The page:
Sunday, 25 January 2009

Battle of the yoghurts

A new front has opened in the eco-war: the battle of the yoghurts. In the green corner we have Rachel's Organic low fat 'bio-live', and in the crunch corner we have the... er, Müller crunch corner.

Müller's crunch corners have long been my favourite - at one point I was munching my way through up to sixteen a week. After moving into the flat that was reduced to one a day, but being responsible for taking out the rubbish made me aware of how much waste they produced. Each Müller crunch corner comes in a plastic pot (not currently recyclable according to the council) with a foil lid. Given that I don't need to transport them individually, the obvious solution was to buy yoghurts with multiple servings in a single pot. At this point my infamous fussiness with food came into play. Today, though, I believe I have found the perfect yoghurt.

Rachel's Organic 'luscious low fat bio-live yogurt with vanilla' comes in 450g pots (three servings, and a greater packaging-to-product ratio). The pots still aren't recyclable in our area, but, unlike Müller crunch corner pots, their shape makes the old pots useful as general-purpose containers (the pots are plain white underneath the easily-removed cardboard wrapper). What really makes this the perfect yoghurt are a few addition attributes: its taste, its healthiness (a fraction of the fat and salt contents of the crunch corners, plus there's the whole 'friendly bacteria' thing), and its price - a luxury organic yoghurt costing no more by weight than the Müllers.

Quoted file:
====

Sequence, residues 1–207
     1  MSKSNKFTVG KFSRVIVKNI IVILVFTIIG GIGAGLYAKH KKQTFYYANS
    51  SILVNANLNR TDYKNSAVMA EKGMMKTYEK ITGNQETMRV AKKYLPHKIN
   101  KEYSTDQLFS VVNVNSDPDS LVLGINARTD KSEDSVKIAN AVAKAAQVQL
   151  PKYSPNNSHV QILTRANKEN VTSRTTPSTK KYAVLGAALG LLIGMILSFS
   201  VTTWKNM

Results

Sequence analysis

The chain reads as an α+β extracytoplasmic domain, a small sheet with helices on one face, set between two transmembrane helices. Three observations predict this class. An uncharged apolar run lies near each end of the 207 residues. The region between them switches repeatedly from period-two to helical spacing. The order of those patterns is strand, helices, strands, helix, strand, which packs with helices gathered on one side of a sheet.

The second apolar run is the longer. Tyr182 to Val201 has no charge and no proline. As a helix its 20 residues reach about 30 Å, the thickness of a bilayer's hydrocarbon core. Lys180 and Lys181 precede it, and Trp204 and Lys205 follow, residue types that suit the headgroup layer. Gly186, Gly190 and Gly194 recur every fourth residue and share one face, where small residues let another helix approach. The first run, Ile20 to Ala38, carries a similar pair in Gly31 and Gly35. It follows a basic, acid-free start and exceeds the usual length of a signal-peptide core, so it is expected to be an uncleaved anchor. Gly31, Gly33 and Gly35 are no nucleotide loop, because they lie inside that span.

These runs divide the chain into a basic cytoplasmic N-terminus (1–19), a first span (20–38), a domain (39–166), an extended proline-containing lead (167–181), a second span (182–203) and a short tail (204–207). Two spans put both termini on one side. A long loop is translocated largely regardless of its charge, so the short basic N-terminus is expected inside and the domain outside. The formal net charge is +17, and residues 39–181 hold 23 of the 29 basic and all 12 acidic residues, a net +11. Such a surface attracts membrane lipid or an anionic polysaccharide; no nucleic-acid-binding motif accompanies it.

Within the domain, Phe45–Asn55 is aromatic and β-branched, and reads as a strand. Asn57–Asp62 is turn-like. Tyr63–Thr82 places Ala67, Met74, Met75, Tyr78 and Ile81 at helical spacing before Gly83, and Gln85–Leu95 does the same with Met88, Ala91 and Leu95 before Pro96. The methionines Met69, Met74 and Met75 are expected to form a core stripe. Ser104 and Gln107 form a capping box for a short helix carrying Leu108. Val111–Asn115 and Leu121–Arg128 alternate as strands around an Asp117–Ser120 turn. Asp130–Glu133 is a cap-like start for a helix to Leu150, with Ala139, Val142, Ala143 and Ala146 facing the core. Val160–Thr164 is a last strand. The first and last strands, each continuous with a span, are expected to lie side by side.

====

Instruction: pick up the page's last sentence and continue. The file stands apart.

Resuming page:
Additional information:
Muller crunch corner
Rachel's Organic luscious low fat bio-live yogurt with vanilla


  1. Saf,
    i must take you to task on your projected savings through the use of energy saving lightbulbs.
    Firstly..How much more did the new bulbs cost compared to the "older" versions, as ...and secondly..
    The 134 pounds is mostly created through th 10% and the paperbill opt out and not the saving created through the use of the bulbs.

    The goverments best estimate on total life saving is 60 pounds over the life of a bulb (reducing from 100w to 20w)...and if you break one, you could find the saving used up for mercury removal from your carpet.


  2. I'm afraid I wasn't very clear - the 10% discount effects both the before and after calculations - my point was that our savings would have been even higher (by about 11%) if we hadn't opted for eco-options.

    As it is, we've now changed to a cheaper supplier, so the savings will be scaled back.

    The two energy-saving bulbs cost me £2, but as that was a special offer I based the time-to-pay-for-itself on one costing £2.

    Of course, in a few years' time there'll be practical LED bulbs on the market, and these energy-saving bulbs will then look wasteful.